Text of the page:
The Bi-Annual Cell Phone Race

I got my Nexus One back in April 2010. It was my first smartphone and it changed the way I work and play. It also gave me this habit of staring at it while nothing is going on. It’s probably a bad habit.

With my 1.5 yr mark coming up (well it’s up technically but the 6-month-to contract renewal time is in November) it’s time to shop for a phone. I’m definitely interested in Verizon’s Nexus Prime and Droid RAZR. I also have some partialness to a GSM style device that AT&T provides. Sprint is a dark horse with good 4G plans and prices. All three, as of now, have good devices.

Current problem with my phone and service. Ranked:

  1. It only supports  HSPA, which is really terrible especially as an AT&T customer in this area–it  is simply unusable on large strides of the northeast corridor. And on the train is where I use my phone the most.
  2. It could be a little faster, although I can run most anything I want to at this point. Even more if I hack it and run a 3rd party ROM
  3. It’s finally dropping out of the googly heaven, but it’s still a well-oiled and well-hacked machine.

Long story short, these are the devices low-down:

  • I like those Galaxy S II’s, even if we’re 6 months into its life cycle already. AT&T’s LTE version launches next week and it is probably the one I would buy if I am sticking to that device. It’s also available starting 11/6.
    • Pluses: Nice screen, Available next week. Probably best supported non-Nexus phone you can get.
    • Minuses: LTE won’t roll out in this area until probably late next year, so feeling a bit wasted with just HSPA+. Kind of big. 6months in the cycle. Feels tinny.
  • I like a Nexus Prime because I’m coming from a Nexus One, and I like my googly updates. I tinker with my phone enough even if I’m running stock vanilla right now. No release date yet though.
    • Pluses: Google Heaven experience. Good phone all-around.
    • Minuses: Probably has one of those fatal flaws that mars all Nexus phones. A gambit on a Samsung CDMA-LTE phone. GS2 has better screen. No MicroSD slot
  • I think the Droid RAZR is a top notch device coming from the hardware perspective. Google’s “partnership” with Moto bodes well for Moto owners. It would be more desirable than the Nexus Prime if it had the added devices like a gyro and a compass. out 11/10.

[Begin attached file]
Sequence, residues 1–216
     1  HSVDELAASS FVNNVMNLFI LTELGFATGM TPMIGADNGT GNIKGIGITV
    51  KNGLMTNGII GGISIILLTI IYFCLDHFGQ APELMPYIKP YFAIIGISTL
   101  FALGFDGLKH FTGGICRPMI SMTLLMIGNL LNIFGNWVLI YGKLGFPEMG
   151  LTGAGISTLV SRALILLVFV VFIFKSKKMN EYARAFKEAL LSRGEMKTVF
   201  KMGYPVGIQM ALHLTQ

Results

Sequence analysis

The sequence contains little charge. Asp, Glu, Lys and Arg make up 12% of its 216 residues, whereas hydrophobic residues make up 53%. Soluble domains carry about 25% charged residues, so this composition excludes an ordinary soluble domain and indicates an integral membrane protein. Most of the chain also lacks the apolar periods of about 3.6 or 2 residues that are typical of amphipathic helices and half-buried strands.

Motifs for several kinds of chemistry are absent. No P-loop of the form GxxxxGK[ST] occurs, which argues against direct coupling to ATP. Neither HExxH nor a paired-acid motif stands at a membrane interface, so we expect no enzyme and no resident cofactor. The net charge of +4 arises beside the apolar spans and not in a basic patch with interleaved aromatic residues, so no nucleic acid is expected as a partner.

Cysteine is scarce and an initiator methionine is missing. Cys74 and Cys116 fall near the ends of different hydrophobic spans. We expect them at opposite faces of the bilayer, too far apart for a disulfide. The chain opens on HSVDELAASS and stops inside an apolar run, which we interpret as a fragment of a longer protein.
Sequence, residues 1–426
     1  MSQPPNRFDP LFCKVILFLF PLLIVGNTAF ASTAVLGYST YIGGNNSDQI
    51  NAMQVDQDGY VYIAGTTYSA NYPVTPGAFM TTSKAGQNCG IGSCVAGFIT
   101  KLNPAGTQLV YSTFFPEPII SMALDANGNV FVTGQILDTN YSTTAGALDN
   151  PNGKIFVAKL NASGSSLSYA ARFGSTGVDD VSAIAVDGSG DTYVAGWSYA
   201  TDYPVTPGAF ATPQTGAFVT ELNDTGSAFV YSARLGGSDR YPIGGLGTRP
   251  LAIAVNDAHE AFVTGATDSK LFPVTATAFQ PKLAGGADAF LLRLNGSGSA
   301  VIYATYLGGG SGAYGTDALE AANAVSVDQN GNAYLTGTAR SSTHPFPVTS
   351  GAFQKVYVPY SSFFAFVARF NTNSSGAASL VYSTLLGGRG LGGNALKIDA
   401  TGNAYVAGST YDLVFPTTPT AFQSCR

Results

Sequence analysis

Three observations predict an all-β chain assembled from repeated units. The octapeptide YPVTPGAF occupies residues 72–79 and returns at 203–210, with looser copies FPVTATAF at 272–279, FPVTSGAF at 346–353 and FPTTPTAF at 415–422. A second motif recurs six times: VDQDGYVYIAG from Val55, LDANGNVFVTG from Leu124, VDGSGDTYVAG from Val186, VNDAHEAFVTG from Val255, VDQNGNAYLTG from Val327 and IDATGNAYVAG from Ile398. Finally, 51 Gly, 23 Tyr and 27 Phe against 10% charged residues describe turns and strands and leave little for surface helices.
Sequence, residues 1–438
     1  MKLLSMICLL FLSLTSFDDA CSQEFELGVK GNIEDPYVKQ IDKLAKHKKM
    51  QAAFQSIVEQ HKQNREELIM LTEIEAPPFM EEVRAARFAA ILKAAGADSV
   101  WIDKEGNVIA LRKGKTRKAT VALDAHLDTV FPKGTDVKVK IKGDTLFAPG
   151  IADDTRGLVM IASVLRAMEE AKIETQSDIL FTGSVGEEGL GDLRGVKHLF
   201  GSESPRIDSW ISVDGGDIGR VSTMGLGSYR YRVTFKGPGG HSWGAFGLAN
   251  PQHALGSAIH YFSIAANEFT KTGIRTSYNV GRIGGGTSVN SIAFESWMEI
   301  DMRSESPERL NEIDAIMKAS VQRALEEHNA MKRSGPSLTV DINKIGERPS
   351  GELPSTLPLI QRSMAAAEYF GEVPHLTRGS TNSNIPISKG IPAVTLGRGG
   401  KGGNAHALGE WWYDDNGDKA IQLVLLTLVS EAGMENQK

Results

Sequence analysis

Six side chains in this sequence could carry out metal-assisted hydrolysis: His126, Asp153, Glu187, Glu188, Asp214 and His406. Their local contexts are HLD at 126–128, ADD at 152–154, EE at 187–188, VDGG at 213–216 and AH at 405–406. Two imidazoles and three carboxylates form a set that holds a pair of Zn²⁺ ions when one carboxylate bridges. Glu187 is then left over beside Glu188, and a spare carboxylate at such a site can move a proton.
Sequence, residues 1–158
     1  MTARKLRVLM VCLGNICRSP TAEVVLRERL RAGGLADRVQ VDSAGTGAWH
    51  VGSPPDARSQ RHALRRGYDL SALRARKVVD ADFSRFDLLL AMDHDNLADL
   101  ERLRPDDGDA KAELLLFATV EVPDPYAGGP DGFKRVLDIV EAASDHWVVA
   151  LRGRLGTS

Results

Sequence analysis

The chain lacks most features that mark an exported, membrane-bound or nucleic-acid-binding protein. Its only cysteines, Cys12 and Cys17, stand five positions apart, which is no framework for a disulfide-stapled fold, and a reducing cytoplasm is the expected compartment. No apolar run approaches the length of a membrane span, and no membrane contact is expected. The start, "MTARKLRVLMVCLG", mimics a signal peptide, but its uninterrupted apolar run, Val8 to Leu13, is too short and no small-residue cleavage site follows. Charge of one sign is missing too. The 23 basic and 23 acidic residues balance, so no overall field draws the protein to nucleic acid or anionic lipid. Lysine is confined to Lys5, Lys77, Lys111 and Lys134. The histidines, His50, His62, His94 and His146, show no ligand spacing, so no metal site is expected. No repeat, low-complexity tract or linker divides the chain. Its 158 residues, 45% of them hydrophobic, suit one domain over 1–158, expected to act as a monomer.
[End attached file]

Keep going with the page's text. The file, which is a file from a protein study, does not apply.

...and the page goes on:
• Pluses: Good hardware, doesn’t feel like a POS, better than Nexus Prime basically in terms of hardware quality.
    • Minuses: Lack of a gyro and a compass, no NFC.

In terms of network, pros and cons:


  • I am an existing AT&T customer, so upgrading to anther AT&T phone saves me the ETF. The ETF for me is actually very low due to the fact that my 2-yr is not with an advance device. (I got $50 out of this supposed contract). But another $80 or whatever it is now (150 – 4*number of months, or 150-4*16=86).
  • I am grandfathered into their unlimited data plan. This is a huge deal potentially.
  • I can stay with the family plan (it’s better value for everyone on the plan, but not necessary the cheapest option for individuals).


  • Full LTE coverage in my area, way better coverage on commute. Even in the tunnel!
  • See above, ETF.
  • About the same cost as AT&T on the individual basis.
  • 2gb data limit most likely.


  • Cheapest on the individual basis, unlimited data.
  • See above, ETF.
  • Worst coverage for my area. I don’t even think I get 4G at my folk’s place.
  • But unlimited all that jazz.

The picture is more complicated if I also splurge for a LTE mobile device like a laptop/portable hotspot or a tablet as a holdover. But that is like another $50/mo on the device. That solves the immediate service issue needs (I would get a VZW mifi type thing with LTE) but if I upgrade my smartphone to a LTE device then it kind of is just redundant. Or I can buy a VZW iPad2 and do pay-as-you-go, and resell the iPad when I renew. Something like that.

Damn, those Galaxy Tab 10.1 LTEs are pretty tempting! Only if I have $700 to throw around.